1. Information about the Paper
Dong, Yujie, Adam Hoover, Jenna Scisco, and Eric Muth. “A new method for measuring meal intake in humans via automated wrist motion tracking.” Applied psychophysiology and biofeedback 37, no. 3 (2012): 205-215.
Measuring the energy intake (kcal) of a person in day-to-day life is difficult. The best laboratory tool achieves 95 % accuracy on average, while tools used in daily living typically achieve 60–80 % accuracy. This paper describes a new method for measuring intake via automated tracking of wrist motion. Our method uses a watch-like device with a micro-electro-mechanical gyroscope to detect and record when an individual has taken a bite of food. Two tests of the accuracy of our device in counting bites found that our method has 94 % sensitivity in a controlled meal setting and 86 % sensitivity in an uncontrolled meal setting, with one false positive per every 5 bites in both settings. Preliminary data from daily living indicates that bites measured by the device are positively related to caloric intake illustrating the potential of the device to monitor energy intake. Future research should seek to further explore the relationship between bites taken and kilocalories consumed to validate the device as an automated measure of energy intake.
2. My Review of the Paper
The motivation behind this paper is to help overcome overweight and obesity by suppressing calory intake. Previous works are mostly manual ways. This paper proposed a better semi automatic way to calculate calory intake by using wrist rotation as a method to detect bite count. The main idea is that when eating, we rotate our wrist to face our mouth. Thus provides a pattern to be detected as bite count.
The goals of this paper are:
- To check whether the method is applicable to significant number of subjects
- To check if the method can be applied to variety of foods
- To check if there is any correlation between kilocalories and bite counts
This paper used three step of experiments:
- To measure ideal accuracy of the method in ideal situation, which is in a laboratory and all subjects were eating the same food. The accuracy was 94%.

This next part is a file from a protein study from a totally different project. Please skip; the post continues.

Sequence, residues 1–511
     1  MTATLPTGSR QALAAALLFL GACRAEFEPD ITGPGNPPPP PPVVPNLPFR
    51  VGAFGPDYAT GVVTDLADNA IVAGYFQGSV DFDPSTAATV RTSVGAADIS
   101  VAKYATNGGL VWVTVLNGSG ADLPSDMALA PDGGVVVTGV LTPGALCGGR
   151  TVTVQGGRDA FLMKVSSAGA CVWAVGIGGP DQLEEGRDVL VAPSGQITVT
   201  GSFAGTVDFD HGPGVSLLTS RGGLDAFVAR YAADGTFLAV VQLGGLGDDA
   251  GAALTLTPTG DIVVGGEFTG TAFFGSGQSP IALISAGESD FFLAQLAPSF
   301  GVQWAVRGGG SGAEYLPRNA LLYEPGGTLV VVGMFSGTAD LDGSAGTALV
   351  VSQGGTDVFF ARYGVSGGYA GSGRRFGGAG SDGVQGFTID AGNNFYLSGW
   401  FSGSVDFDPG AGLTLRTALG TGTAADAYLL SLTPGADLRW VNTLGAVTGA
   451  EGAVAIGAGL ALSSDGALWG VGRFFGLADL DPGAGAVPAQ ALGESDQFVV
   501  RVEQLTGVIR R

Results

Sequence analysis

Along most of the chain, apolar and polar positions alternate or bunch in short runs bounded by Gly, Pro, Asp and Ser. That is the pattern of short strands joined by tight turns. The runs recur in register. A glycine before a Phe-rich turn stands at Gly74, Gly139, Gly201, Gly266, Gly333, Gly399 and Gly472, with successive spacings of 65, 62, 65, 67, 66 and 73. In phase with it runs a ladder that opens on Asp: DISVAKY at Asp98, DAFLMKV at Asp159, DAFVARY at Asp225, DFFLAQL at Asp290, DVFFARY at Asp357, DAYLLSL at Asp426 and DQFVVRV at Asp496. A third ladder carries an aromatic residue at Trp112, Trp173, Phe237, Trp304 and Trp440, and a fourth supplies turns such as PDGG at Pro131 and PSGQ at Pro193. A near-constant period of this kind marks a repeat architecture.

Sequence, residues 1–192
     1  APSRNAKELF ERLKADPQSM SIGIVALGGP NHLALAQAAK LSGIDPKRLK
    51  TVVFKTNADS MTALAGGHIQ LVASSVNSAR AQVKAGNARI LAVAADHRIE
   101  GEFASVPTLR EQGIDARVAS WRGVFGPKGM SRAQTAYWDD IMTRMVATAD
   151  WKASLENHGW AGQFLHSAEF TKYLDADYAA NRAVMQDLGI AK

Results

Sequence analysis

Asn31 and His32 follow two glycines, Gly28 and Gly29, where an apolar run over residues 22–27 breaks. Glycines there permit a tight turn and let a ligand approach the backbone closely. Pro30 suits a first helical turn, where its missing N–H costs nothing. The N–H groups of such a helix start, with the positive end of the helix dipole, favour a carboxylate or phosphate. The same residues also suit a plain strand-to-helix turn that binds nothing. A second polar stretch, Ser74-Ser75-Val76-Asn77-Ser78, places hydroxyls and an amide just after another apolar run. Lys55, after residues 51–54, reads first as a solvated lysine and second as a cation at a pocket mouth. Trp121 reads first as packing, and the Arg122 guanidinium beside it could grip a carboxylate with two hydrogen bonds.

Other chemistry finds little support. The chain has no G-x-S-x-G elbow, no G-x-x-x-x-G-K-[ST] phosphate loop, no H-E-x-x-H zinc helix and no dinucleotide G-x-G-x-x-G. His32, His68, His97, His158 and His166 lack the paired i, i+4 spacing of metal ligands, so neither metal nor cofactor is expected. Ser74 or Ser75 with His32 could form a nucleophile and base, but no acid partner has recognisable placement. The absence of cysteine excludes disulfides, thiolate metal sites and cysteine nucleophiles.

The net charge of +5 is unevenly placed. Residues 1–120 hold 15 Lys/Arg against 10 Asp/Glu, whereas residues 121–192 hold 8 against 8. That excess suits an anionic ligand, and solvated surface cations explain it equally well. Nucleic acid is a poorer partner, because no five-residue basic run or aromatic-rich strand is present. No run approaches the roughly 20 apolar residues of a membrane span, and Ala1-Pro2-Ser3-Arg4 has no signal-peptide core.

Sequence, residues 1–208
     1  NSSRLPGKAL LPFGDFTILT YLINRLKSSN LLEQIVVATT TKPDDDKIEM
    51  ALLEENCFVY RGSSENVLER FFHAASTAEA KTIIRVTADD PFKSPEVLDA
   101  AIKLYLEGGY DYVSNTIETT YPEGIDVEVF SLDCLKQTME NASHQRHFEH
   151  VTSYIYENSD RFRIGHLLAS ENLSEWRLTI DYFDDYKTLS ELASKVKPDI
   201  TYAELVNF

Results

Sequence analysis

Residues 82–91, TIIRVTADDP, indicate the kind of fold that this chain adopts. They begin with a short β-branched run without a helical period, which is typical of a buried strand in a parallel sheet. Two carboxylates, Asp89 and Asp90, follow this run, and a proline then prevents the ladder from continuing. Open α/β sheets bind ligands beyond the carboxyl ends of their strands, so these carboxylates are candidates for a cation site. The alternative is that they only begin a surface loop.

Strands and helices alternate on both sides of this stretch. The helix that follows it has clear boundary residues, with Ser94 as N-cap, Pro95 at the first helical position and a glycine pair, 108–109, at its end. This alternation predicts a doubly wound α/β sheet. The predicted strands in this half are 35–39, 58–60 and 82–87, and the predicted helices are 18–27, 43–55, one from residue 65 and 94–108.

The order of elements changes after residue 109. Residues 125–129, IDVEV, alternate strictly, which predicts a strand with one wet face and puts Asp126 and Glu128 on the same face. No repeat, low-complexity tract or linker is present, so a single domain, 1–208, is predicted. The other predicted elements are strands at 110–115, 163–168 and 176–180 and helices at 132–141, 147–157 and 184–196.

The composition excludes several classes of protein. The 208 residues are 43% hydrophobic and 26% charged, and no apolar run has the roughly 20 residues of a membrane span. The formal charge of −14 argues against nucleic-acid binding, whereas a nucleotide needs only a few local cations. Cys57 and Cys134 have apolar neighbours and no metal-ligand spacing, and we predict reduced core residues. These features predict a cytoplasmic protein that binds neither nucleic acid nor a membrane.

- The subject can bring their own food. The experiment is still done in the laboratory. The accuracy was dropped to 86%.
- The experiment was done outside of the laboratory.
The result of correlation was moderate linear R=0.6 which most likely was caused by the different calory density of each food consumed by the subject.
- This paper offers new method to automatically calculate meal intake by using wrist rotation to detect bite count.
- Offers a better way where previous works were more costly, required manual effort or involved inconvenience in practice.
- It has been cited by seventeen (17) following works, three (3) of them are done by the same group of this paper authors. It means that this paper has quite significant foundation to inspire following works. And the authors seem to continuously making it better. Three references of previous works are also by the same group of authors.
- Some limitations are already stated in the paper:
- Having the subject press a button to start eating detection
- Variation of calory density between different foods making it difficult to correctly compute how many calories intake per bite count
- Potensial effect of false positives due to several factors such as
- Using the other hand (which is not wearing the sensor) to eat
- Limitation to be addressed in future works are already stated in the paper:
- develop new algorithm to distinguish eating activity from other activities to enable detecting bite count without the need of pressing a button
- Offers a method to provide real-time feedback to stop eating after some bite count threshold has been achieved
- Actual calories count still need further laboratory calculation
- Need bigger battery and storage to allow storing raw sensor data to be calculated by a machine learning algorithm
- I suggest to count bite rate by dividing number of bites per time (per minute). Because the goal is to minimize calories intake. In addition, some research in medical field found that those who eat faster will consume more calories. However, this is only valid for men, not for women. Therefore, we need to also include gender/sex variable.
- My references:
- Eating slowly led to decreases in energy intake within meals in healthy women. http://www.ncbi.nlm.nih.gov/pubmed/18589027
- Slower eating rate reduces the food intake of men, but not women: implications for behavioral weight control. http://www.ncbi.nlm.nih.gov/pubmed/17517367